Refineries rely on fleet to keep operations flowing non-stop
Every day, the drivers and the rest of the team at the Wilmington, California, operation of Savage face a daunting, unending challenge. Most of the refineries serving Southern California depend on the Savage team and their blue Mack Anthem® fleet — with its distinctive silver and orange stripe and silver trailers — to safely and reliably transport product from the refining process, helping ensure an uninterrupted flow of refined fuels for consumers in the region.
"We're really helping to power the lives of the motoring public in California," says Adam Thompson, vice president of Savage's Western Production Services Unit. "We can't do that without Mack tractors."
The Wilmington fleet transports petroleum coke ("petcoke") from the refineries to the Ports of Los Angeles and Long Beach, where it is shipped to other markets. Petcoke is the last residual product of the petroleum refining process. It can cause refineries to stop producing if it isn't regularly hauled away.
"We move about five million tons of product every year out of nearly every refinery in the Southern California Basin," Thompson says. "We perform similar work in the Gulf Coast region and other locations in Texas. The Los Angeles-area refineries are landlocked, so the only option is to truck petcoke to the port, so that's what we do. Refineries have to get it out of their [system] or they can't function.”
“The refineries operate non-stop, every hour of every day of the year,” Thompson adds, “so Savage does too. It’s essential that we’re moving this product on a very ratable basis. If our customers need 100 loads of petcoke moved in 12 hours, we’d better have 100 loads moved in 12 hours, spaced out accordingly."
The truck matters
It helps to have a truck that is easy to drive in Los Angeles congestion and on high-pressure freeways. That means excellent visibility, a good turning radius and Mack's m DRIVEÔ automated manual transmission, plus a great driver's environment. There's a lot of competition for good drivers, and Anthems help attract and keep them.
"Drivers really like the trucks. They're comfortable," Thompson says. "They also appreciate the [integrated] hood mirrors. A confident driver is usually a safer driver, and part of that comes from visibility, comes from ease of driving the tractor."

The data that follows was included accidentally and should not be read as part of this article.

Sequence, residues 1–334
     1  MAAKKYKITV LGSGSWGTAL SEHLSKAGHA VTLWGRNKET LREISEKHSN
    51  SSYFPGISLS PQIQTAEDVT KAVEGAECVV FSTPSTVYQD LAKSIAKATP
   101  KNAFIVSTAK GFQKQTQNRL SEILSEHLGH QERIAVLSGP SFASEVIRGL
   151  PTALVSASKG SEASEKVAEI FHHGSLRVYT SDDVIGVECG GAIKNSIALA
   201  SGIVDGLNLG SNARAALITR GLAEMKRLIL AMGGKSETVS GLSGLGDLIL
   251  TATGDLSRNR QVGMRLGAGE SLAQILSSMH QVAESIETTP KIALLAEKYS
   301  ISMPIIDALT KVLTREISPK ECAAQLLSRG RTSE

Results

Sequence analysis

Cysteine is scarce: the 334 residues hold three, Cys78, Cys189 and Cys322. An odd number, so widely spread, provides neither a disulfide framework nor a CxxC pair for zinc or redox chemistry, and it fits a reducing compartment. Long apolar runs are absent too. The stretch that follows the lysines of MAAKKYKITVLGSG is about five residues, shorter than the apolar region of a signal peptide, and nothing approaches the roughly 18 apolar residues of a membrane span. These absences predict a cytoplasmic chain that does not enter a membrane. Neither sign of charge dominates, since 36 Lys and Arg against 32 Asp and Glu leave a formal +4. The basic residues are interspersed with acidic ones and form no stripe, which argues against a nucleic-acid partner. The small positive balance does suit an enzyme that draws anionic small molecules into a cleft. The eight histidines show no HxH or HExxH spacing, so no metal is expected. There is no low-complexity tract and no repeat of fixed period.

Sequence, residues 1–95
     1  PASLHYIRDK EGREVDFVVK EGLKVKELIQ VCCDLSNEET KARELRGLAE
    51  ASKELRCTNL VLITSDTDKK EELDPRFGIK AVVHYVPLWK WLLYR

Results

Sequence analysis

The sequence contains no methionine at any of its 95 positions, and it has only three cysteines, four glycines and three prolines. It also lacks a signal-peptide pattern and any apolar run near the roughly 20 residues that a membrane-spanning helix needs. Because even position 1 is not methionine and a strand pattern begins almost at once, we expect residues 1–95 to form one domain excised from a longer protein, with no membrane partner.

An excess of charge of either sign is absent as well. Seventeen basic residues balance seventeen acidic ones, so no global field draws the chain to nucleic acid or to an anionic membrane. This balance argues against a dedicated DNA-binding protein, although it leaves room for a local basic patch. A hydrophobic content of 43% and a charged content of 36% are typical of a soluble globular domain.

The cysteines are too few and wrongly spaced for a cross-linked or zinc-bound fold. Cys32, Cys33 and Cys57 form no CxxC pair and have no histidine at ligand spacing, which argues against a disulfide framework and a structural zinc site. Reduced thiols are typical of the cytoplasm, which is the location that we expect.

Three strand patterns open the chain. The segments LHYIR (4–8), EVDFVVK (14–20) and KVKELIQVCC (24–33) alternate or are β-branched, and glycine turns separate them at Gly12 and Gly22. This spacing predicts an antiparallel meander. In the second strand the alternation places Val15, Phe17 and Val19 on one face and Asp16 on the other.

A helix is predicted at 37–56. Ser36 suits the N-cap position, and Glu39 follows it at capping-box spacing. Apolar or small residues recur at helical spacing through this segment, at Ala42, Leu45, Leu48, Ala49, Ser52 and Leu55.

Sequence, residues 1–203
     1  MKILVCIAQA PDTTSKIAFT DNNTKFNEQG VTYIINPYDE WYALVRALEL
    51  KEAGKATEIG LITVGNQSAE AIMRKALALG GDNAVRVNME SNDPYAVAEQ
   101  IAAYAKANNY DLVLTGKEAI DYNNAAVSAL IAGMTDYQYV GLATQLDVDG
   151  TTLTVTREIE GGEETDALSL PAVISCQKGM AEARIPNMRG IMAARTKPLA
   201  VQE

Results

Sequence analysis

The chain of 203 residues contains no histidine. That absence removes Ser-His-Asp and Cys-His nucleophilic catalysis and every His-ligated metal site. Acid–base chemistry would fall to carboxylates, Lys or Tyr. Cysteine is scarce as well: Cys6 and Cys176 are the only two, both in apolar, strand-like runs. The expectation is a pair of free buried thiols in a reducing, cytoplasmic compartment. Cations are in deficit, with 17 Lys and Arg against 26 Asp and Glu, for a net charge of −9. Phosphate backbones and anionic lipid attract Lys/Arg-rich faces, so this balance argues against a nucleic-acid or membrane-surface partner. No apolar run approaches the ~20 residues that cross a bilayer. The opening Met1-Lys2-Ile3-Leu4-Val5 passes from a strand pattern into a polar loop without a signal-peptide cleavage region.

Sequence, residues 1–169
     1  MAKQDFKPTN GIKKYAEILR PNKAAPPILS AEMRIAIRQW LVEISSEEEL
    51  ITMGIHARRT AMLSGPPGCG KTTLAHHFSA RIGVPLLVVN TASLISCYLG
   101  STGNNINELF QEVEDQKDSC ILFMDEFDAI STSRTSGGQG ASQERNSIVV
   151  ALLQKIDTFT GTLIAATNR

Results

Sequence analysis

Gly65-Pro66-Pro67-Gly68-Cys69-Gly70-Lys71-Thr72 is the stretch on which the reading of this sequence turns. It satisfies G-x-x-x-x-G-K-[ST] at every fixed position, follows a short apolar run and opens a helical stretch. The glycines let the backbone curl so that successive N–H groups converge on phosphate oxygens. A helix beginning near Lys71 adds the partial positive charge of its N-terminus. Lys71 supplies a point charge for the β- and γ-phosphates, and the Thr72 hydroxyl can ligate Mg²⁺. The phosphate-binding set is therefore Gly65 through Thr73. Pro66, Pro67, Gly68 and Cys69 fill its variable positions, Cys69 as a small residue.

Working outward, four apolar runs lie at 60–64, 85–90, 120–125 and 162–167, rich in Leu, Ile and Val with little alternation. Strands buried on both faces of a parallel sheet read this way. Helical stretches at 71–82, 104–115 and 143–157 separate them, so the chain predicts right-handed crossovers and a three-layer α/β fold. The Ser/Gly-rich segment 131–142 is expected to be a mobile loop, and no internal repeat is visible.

“Most people appreciate the distinctive front-end look, the bold stance,” he adds. “It's a stance that's undeniably Mack.”
"Our mission is to be indispensable to our customers," Thompson says. "That's the goal of what Savage does everywhere."
Mack is Savage's partner in this mission, delivering reliable and durable trucks spec'd for the job at hand and backed by an industry-leading service network.
Savage Wilmington's Mack dealer is TEC La Mirada. "The partnership between Savage and Mack is also strengthened by the dealer network here in California that allows us to keep moving and has kept us going exclusively to Mack," Thompson says. "We're not their biggest customer, but they make us feel like their most important customer.”
Helping make sure Savage’s trucks are up and running is an important part of that relationship.
“The trucks have to be dependable. There’s a revenue aspect of it, but there’s also an expectation from the refineries that our trucks are running all the time, moving petcoke for them. That speaks to where your dealer comes in,” Thompson says. “Every truck is going to have anticipated repairs or breakdowns, so when you do have a breakdown or something unexpected, you need a partner who’s going to execute timely repairs. If you can’t move a refinery’s product, they’ll find someone who will. It’s just that simple.”
It’s a very demanding application. In fact, Thompson compares it to a stop-and-go refuse operation in terms of equipment stress, and he emphasizes that equipment reliability is huge. "You can't build reliability without a very structured and comprehensive preventative maintenance program. So we have a team of 12 mechanics who collectively work 24/7 because the trucks are running 24/7.
"Our trucks work about 11 hours a shift, two shifts every single day, 24/7. They only stop to swap out drivers, fuel or to do pre- or post-trip maintenance. High demand, high usage, lots of start and stops. On one route, I calculated a driver would start and stop his truck 40 times in a shift. We drive them hard."
And the refineries use them hard, too. The refineries can load 26 tons in about 12 seconds. And Savage is "fighting for every ton of payload," Thompson says, which makes the lightweight Anthem even more attractive.
Safety is also a key consideration. After all, Savage operates around the clock on the freeways and surface roads of Los Angeles and Southern California, which aren’t always the calmest or easiest roads to drive. In-depth and extended driver training by the company is just the beginning.
"We have a very comprehensive safety program," Thompson says. "We have forward-facing cameras, and we have rear-facing cameras. We use them to do accident investigations, and we'll use them for driver coaching. So they not only record what the driver does, but they record us going through intersections. Our trucks go through over 200,000 intersections with stoplights in a month, so if our cameras record a violation, we can bring the driver in for coaching and improvement.”
Other onboard safety systems include blind spot detection and lane departure notifications. "We need every technical advantage we can get to help keep our drivers and the motoring public safe,” Thompson says.
And of course, to help Savage do their part to keep the refineries open and product moving. "It's California—we've got around 14 million cars, and they're all supported by the refineries in the basin."
It's no small job, but Savage is up to the task with their Mack Anthems.